09 September 2021

‘Of course VU Amsterdam can always do more to fight racism’


Sad to say, discrimination and racism have not been banished from the VU campus. It is an illusion to think that this can ever happen completely within such a complex and diverse organization. The Diversity Office wants to hear about people’s experiences. As Chief Diversity Officer Ruard Ganzevoort explains, only then we can work on a solution.

The Black Archives, a damning report on racism in Amsterdam, has been attracting a good deal of attention in recent months. Ad Valvas devoted an article to the passages about VU Amsterdam last week. The report paints a picture of a university that refuses to acknowledge racism on campus and does too little to combat discrimination. The relevant section of the report even bore the heading ‘Institutional and anti-black racism at VU Amsterdam’.

The researchers looked at the university’s strategic plan and the long-term approach set out by the Diversity Office. Roundtable discussions were held with key figures from black communities and VU Amsterdam students and alumni. The report also makes extensive reference to issues that arose in the past, some dating from a long time ago. Regrettably, the researchers did not contact the university or our Diversity Office, nor did they take note of our Ad Valvas blog on the specific action taken in the twelve months following our statement on Black Lives Matter. This would have given a more current and nuanced picture.

The researchers claim that VU Amsterdam does not devote structural attention to combatting racism and discrimination. They infer this from the fact that the word racism does not feature in the university’s strategic plan and that racism and discrimination are not mentioned in its procedures and regulations. That is one side of the story. The strategic plan also makes no mention of sexism or ableism, to say nothing of pollution, academic misconduct and abuse of power. Yet these are all issues that we consider to be important and on which we have made concrete commitments. Something that is certainly true of racism and discrimination.

However, we do accept the report’s call for us to take a more explicit and transparent approach to raising issues of racism and discrimination. Many people remain unaware of our complaints procedures, and signals of discrimination do not always reach the right people. There is a need for an easily recognizable one-stop shop where both staff and students can go with their questions and experiences, and where we can advise them in their search for solutions.

Our academic staff is still disproportionately white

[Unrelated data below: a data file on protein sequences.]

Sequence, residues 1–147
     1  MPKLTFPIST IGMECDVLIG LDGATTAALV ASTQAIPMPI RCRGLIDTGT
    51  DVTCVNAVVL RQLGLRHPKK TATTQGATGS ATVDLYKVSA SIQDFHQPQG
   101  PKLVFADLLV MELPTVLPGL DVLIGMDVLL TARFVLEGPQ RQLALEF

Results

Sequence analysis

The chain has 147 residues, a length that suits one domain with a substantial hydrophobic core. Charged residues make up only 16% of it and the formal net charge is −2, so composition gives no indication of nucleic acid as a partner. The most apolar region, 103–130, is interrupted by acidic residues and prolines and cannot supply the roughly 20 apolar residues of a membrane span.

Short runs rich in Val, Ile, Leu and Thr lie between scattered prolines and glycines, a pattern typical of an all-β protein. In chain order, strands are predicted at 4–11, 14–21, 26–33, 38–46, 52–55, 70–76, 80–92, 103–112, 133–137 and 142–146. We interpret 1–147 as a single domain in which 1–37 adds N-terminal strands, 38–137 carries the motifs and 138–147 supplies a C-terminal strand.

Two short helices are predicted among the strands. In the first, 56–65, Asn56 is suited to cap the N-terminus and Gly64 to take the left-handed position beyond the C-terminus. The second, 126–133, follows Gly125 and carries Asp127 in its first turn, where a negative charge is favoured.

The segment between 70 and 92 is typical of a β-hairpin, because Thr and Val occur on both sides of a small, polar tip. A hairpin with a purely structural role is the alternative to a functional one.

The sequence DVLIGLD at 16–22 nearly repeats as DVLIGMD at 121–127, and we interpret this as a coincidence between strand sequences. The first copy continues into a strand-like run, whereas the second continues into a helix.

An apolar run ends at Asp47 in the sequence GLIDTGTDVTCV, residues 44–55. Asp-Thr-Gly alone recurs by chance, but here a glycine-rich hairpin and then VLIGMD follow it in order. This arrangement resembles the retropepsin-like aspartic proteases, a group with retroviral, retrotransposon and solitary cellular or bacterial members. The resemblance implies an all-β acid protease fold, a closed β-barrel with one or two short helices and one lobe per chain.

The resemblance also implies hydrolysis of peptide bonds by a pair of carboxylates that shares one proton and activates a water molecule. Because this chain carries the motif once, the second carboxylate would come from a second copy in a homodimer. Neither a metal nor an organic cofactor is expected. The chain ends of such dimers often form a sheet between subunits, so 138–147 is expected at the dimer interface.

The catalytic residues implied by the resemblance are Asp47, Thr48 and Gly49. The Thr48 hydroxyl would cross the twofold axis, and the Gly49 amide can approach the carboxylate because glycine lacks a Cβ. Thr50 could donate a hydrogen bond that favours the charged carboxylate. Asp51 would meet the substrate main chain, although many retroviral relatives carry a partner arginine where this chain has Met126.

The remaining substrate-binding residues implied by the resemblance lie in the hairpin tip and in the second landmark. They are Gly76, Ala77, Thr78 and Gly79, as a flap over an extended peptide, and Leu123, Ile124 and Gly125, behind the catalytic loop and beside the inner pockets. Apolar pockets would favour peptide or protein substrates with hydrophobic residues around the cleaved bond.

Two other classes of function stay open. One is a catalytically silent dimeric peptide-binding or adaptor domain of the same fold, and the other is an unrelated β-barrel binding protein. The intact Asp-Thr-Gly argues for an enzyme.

What we have done is develop an action plan to increase cultural and ethnic diversity among staff. Our academic staff in particular is still disproportionately white. We have also launched projects with the aim of taking a critical look at our colonial past and at issues of equality and inequality in our approach to international cooperation. We are working on a toolbox that will equip degree programmes to take a critical look at bias in their curriculum. We are exploring the extent to which specific groups feel at home at VU Amsterdam and their various experiences of discrimination and exclusion. And we are working closely with organizations such as groups who support students of colour.

Of course, this does not mean that discrimination and racism have been banished from the VU campus. It is an illusion to think that this can ever happen completely within such a complex and diverse organization. We continue to hear accounts of discriminatory comments aimed at black and Asian students and staff. Much of this behaviour occurs below the surface, but that does not make it any less at odds with the core values of the university. These values apply to staff and students, both their blind spots and any explicit instances of discrimination. If we are to banish such behaviour, this will first require greater awareness, backed by clear statements that our values do not tolerate discrimination of any kind. In spite of our best efforts, I do not exclude the possibility that our structures also contain discriminatory elements and that institutional racism may still exist at VU Amsterdam. For all these reasons, the Diversity Office wants to hear about people’s experiences. Only then we can work on a solution.

It’s because we recognize the importance of combating discrimination and racism that we devote so much time and effort to addressing these issues. But of course, we can always do more. We can always do better. The discussion about the accuracy of The Black Archives report should not distract us from the far more pressing issue of how we can come together to create a university community where everyone is treated equally and where we can take fair and effective action when things go wrong.

Ruard Ganzevoort is VU Amsterdam’s Chief Diversity Officer.


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